A further object is the provision of a head, as described, wherein the third projection arcuately merges with each of the upper and lower projections to define two arcuate and rearwardly extending corner projections, each of which has an inner corner surface facing the recess, the inner corner surface projecting horizontally rearwardly in the ball-addressing position.

Yet another object is the provision of a head, as described, wherein the body has at least one slit extending rearwardly in at least one of the projections and outwardly from the main recess. Multiple of such slits are typically provided in multiple of the rearwardly elongated projections.

Yet another object is to provide a set of irons, each iron incorporating the rearwardly horizontally elongated recess, as referred to, and the bounding rearward projections extending generally horizontally, irrespective of the angles of the front faces of the irons in the set.

These and other objects and advantages of the invention, as well as the details of illustrative embodiments, will be more fully understood from the following specification and drawings, in which:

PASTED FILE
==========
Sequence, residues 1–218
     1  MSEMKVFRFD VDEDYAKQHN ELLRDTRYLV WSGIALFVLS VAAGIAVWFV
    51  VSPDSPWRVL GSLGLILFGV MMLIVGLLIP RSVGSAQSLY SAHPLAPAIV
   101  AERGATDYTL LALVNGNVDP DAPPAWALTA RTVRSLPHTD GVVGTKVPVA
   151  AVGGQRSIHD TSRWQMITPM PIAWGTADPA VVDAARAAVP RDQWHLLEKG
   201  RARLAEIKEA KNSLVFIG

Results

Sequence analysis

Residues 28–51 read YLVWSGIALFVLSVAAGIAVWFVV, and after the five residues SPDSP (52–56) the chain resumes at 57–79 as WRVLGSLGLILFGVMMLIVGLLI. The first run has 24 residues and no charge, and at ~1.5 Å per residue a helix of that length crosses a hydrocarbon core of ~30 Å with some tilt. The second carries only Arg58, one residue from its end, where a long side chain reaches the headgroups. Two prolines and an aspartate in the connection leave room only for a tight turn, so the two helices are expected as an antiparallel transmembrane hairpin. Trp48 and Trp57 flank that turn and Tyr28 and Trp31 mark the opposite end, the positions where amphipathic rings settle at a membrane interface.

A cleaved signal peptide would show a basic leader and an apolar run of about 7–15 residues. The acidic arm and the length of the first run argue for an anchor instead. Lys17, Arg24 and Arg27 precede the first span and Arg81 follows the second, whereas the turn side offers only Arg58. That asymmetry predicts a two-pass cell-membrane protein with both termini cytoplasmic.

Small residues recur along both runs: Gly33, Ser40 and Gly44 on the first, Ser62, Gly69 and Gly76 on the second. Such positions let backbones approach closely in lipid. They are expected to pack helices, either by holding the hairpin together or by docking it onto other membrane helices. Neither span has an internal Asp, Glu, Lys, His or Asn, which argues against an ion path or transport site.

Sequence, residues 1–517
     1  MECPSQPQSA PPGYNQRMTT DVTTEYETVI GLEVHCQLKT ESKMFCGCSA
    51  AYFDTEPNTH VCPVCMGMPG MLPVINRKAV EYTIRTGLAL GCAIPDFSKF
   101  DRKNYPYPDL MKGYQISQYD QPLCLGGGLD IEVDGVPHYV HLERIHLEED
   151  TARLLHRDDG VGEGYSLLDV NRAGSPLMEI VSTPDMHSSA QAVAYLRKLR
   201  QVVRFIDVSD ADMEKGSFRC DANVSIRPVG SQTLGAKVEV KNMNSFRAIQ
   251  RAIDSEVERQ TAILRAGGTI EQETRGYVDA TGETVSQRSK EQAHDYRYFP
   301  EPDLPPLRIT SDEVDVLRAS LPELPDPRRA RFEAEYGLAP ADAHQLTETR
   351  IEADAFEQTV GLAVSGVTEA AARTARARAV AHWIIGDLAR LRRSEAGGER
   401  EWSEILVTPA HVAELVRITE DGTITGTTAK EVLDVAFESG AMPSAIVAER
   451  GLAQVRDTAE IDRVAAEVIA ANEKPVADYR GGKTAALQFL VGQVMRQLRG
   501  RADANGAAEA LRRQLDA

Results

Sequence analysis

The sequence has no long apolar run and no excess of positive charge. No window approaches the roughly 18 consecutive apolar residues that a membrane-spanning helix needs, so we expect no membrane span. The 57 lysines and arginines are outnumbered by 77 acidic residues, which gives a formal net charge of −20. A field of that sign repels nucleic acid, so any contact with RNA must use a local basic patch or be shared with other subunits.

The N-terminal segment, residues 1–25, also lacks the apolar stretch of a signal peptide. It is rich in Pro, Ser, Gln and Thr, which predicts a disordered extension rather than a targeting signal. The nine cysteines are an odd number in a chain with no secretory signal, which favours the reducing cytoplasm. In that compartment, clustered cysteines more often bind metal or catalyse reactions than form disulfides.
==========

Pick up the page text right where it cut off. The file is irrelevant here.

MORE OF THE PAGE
DRAWING DESCRIPTION

FIG. 1 is a frontal elevation of a #1 iron of a golf club set incorporating the invention;

FIG. 2 is a section taken on lines 2--2 of FIG. 1;

FIG. 3 is a horizontal section on lines 3--3 of FIG. 1;

FIG. 4 is a view like FIG. 1 but showing a #6 iron incorporating the invention;

FIG. 5 is a section taken on lines 5--5 of FIG. 1;

FIG. 6 is a horizontal section on lines 6--6 of FIG. 4;

FIG. 7 is a view like FIG. 1 showing a #8 iron incorporating the invention;

FIG. 8 is a vertical section taken on lines 8--8 of FIG. 7;

FIG. 9 is a horizontal section taken on lines 9--9 of FIG. 7;

FIG. 10 is a view like FIG. 1 showing a pitching wedge incorporating the invention;

FIG. 11 is a section taken on lines 11--11 of FIG. 10;

FIG. 12 is a section taken on lines 12--12 of FIG. 10;

FIG. 13 is a rear view of a head, like that of FIGS. 1-3, but showing slots extending rearwardly from the undercut recess at different positions along the looping length of that recess;

FIG. 14 is a section taken on lines 14--14 of FIG. 13;